Hepatic growth hormone signaling in the late gestation fetal rat

Chanika Phornphutkul, G. Peter Frick, H. Maurice Goodman, Susan A. Berry, Philip A. Gruppuso

Research output: Contribution to journalArticlepeer-review

16 Scopus citations

Abstract

The role of GH in the developing fetus is poorly understood. Several studies have demonstrated a limited role for GH in late fetal life. In fact, few data are available regarding GH signal transduction in the late gestation fetus. We therefore focused on a comparison of hepatic GH signaling in near-term fetal rats [embryonic day 19 (E19)] and adult rats using a combination of in vitro studies employing hepatocytes in primary culture and in vivo studies. We found that GH receptor (GHr) binding was comparable in fetal liver and adult liver. The long isoform of the GHr underwent tyrosine phosphorylation in response to GH stimulation of E19 fetal hepatocytes in a manner similar to that seen in cultured adult hepatocytes. Furthermore, downstream signaling via the Janus kinase-2 tyrosine kinase, STAT1 (signal transducer and activator of transcription), and STAT5 was also intact in both, as demonstrated by the tyrosine phosphorylation of these signaling proteins. To confirm the relevance of these findings to the in vivo situation, GH was directly administered by ip injection to E19 fetal and adult rats. In both cases, tyrosine phosphorylation of STATS was markedly and rapidly induced. Finally, transfection of E19 fetal hepatocytes with GH-responsive reporter elements [Spi2.1(-275/+85)-CAT and 8xGHRE-TKCAT] demonstrated intact transcriptional regulation. Our data indicate that GHr abundance and activity as well as downstream GH signaling are similar in the late gestation fetal rat and in the adult and that these mechanisms appear capable of supporting physiological GH functions in the developing liver.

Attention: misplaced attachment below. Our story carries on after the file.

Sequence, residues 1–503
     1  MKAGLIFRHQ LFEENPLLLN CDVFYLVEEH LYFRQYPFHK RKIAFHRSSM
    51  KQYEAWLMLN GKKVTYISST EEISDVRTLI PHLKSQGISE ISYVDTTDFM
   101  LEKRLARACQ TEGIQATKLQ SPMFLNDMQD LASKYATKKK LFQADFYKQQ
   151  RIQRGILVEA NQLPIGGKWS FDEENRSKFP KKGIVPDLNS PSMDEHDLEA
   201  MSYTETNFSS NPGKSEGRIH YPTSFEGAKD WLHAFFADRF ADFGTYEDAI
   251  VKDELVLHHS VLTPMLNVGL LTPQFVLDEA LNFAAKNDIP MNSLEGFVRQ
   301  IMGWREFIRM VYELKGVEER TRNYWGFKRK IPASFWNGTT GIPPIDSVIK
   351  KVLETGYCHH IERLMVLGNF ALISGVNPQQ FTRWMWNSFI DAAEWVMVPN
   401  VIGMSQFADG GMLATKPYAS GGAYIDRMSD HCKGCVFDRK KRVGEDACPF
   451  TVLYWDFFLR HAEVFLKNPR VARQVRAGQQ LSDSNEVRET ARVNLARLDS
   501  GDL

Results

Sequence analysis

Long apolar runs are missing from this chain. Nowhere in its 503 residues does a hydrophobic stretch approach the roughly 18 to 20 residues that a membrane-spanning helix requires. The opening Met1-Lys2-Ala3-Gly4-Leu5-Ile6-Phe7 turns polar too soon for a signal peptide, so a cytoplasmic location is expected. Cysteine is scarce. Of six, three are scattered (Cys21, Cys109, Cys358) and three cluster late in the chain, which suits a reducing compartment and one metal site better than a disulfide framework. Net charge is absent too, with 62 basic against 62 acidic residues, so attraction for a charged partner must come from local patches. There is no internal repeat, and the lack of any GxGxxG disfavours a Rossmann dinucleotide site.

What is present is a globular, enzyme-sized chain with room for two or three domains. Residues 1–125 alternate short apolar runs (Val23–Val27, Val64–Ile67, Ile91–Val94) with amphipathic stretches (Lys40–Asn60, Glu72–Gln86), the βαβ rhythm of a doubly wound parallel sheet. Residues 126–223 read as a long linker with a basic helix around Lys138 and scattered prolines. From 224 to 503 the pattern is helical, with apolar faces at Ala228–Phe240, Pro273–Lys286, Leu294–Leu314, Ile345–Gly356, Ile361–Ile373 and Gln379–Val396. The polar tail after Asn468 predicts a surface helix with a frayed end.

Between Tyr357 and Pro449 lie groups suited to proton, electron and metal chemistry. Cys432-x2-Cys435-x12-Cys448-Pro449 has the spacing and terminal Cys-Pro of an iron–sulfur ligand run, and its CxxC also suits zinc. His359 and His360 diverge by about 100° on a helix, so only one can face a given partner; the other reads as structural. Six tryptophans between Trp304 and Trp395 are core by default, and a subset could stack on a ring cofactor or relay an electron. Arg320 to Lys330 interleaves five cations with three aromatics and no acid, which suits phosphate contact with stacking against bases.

Original languageEnglish (US)
Pages (from-to)3527-3533
Number of pages7
JournalEndocrinology
Volume141
Issue number10
DOIs
StatePublished - 2000

Fingerprint Dive into the research topics of 'Hepatic growth hormone signaling in the late gestation fetal rat'. Together they form a unique fingerprint.

Cite this